Finally, if you don’t want to run the gap analysis yourself, you can outsource it to a third-party provider. This means a consultant will come to your business to run an assessment for you and they will then provide you with a detailed report. This is a better approach if you’re not confident about running the analysis yourself.

The 9 steps for performing a GDPR gap analysis

Once you’ve decided which approach is best for your business, most gap analysis are conducted in a similar way. Below we’ll take a look at the nine steps for performing a GDPR gap analysis.

  1. Data protection analysis

Data protection is the driving force behind GDPR, so the first step on your gap analysis is assessing whether you’ve got the right data protection systems in place. This includes systems and procedures for security, accountability, measurement and reporting.

  1. Risk management analysis

Second on the list is deciding whether your risk management practices are adequate enough. Part of this is ensuring that your business is upholding the right to freedom and privacy for all customers, clients and employees whose data you hold.

  1. Appointing a DPO

Next up, you need to decide whether your business is required to appoint a Data Protection Officer (DPO). There are a number of factors that will affect this and you can find out whether your business requires a DPO, here.

  1. Outlining roles and responsibilities

Now it’s time to assess whether your staff have had the appropriate GDPR training. Everyone on your workforce needs to be aware of the basic rules of GDPR and needs to be aware of their role within keeping your business compliant.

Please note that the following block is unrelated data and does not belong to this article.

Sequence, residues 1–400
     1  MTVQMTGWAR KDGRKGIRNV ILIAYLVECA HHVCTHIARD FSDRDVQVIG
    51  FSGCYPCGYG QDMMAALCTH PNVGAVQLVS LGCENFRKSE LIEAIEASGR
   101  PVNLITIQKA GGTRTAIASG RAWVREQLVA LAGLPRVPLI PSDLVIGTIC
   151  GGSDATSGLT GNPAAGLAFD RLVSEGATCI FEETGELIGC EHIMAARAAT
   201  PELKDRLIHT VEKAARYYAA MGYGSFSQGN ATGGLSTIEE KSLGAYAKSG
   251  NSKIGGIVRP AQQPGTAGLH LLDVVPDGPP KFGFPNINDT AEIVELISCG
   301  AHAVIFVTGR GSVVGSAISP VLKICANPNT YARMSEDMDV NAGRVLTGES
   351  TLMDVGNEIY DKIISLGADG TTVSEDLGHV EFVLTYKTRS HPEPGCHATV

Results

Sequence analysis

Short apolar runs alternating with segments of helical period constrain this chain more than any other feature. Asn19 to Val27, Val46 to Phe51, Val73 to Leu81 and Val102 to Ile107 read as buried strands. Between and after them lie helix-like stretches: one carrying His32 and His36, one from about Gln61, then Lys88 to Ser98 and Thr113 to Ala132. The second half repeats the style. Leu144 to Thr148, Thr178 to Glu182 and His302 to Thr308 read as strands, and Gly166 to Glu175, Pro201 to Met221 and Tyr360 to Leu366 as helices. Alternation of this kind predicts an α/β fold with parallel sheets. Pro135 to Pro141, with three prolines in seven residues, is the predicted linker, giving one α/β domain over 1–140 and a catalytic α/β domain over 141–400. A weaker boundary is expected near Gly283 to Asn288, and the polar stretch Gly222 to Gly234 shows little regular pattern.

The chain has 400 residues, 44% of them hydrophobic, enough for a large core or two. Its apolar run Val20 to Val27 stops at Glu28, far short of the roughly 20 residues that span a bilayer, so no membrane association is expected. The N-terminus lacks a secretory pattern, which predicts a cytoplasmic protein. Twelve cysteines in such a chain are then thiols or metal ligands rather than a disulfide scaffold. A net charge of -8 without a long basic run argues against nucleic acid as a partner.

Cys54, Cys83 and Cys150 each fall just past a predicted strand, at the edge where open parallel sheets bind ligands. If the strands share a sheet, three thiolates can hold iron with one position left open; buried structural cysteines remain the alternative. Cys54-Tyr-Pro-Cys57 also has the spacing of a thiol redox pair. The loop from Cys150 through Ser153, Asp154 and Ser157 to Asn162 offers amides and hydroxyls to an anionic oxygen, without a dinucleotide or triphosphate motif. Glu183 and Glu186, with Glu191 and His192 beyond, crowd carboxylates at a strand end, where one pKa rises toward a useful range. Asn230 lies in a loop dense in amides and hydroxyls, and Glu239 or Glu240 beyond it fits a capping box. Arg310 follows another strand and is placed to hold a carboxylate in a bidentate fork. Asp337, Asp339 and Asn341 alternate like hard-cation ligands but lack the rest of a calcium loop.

1. Defining the scope of your compliance

The next stage is to define the scope of your compliance responsibilities. What this means is that you need to take into consideration all the data your are processing, understand where you are storing it and how it is shared. This means all data your business handles, whether that’s directly or indirectly.

  1. Checking data processing policies

It’s time to check whether you’ve got the right policies and procedures in place for handling sensitive data. This is hugely important for ensuring you are GDPR compliant as you must only collect and store personal information on a lawful basis. By making sure you have a Data Protection Impact Assessment (DPIA) in place, you can decide if you have the right governing producers in place.

  1. Personal Information Management System

At this next stage you need to make sure you have established a process for documenting all GDPR compliance activities.

  1. Information Security Management System

We’re nearing the end of the analysis and at this penultimate stage you must ensure you have an Information Security Management System (ISMS) in place for securing personal data through appropriate measures. This must meet GDPR requirements.

  1. Facilitating the rights of data subjects

At this final stage, you must check whether you’ve got a strong process in place for facilitating access to their information for all data subjects. This includes their right to access their data at any time, as well as their right to be forgotten.